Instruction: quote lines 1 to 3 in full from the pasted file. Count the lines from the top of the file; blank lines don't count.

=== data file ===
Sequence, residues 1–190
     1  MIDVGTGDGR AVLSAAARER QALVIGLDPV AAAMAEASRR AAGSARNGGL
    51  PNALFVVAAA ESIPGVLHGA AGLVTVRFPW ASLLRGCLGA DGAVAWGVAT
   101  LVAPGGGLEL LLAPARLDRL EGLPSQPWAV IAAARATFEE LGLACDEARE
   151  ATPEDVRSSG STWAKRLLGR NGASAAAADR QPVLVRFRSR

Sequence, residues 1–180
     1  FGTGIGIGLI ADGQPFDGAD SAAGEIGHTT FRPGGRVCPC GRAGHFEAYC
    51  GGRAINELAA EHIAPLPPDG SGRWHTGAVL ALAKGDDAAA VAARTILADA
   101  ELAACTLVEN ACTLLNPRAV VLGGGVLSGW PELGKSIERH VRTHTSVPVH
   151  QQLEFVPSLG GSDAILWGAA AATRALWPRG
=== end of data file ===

Sequence, residues 1–190
     1  MIDVGTGDGR AVLSAAARER QALVIGLDPV AAAMAEASRR AAGSARNGGL
    51  PNALFVVAAA ESIPGVLHGA AGLVTVRFPW ASLLRGCLGA DGAVAWGVAT